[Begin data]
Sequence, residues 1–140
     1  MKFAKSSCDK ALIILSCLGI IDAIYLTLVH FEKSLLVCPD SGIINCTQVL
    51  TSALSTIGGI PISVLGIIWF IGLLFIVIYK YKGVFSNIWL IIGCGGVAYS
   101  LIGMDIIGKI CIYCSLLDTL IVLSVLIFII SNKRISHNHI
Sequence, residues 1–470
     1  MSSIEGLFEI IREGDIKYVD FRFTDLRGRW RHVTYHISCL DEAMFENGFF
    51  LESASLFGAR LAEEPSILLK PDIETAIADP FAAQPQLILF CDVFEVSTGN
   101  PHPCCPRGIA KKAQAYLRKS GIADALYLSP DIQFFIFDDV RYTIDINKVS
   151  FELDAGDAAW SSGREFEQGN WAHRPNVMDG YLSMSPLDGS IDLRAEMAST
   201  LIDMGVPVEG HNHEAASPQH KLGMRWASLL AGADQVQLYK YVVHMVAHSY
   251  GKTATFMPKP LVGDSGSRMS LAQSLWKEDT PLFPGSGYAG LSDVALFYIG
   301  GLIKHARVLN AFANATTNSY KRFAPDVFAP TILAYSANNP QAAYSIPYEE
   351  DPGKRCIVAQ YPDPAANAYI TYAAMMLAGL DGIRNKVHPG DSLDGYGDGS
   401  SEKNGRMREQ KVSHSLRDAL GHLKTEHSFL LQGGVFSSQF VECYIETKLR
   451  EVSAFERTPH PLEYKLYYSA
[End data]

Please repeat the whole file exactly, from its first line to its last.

Sequence, residues 1–140
     1  MKFAKSSCDK ALIILSCLGI IDAIYLTLVH FEKSLLVCPD SGIINCTQVL
    51  TSALSTIGGI PISVLGIIWF IGLLFIVIYK YKGVFSNIWL IIGCGGVAYS
   101  LIGMDIIGKI CIYCSLLDTL IVLSVLIFII SNKRISHNHI
Sequence, residues 1–470
     1  MSSIEGLFEI IREGDIKYVD FRFTDLRGRW RHVTYHISCL DEAMFENGFF
    51  LESASLFGAR LAEEPSILLK PDIETAIADP FAAQPQLILF CDVFEVSTGN
   101  PHPCCPRGIA KKAQAYLRKS GIADALYLSP DIQFFIFDDV RYTIDINKVS
   151  FELDAGDAAW SSGREFEQGN WAHRPNVMDG YLSMSPLDGS IDLRAEMAST
   201  LIDMGVPVEG HNHEAASPQH KLGMRWASLL AGADQVQLYK YVVHMVAHSY
   251  GKTATFMPKP LVGDSGSRMS LAQSLWKEDT PLFPGSGYAG LSDVALFYIG
   301  GLIKHARVLN AFANATTNSY KRFAPDVFAP TILAYSANNP QAAYSIPYEE
   351  DPGKRCIVAQ YPDPAANAYI TYAAMMLAGL DGIRNKVHPG DSLDGYGDGS
   401  SEKNGRMREQ KVSHSLRDAL GHLKTEHSFL LQGGVFSSQF VECYIETKLR
   451  EVSAFERTPH PLEYKLYYSA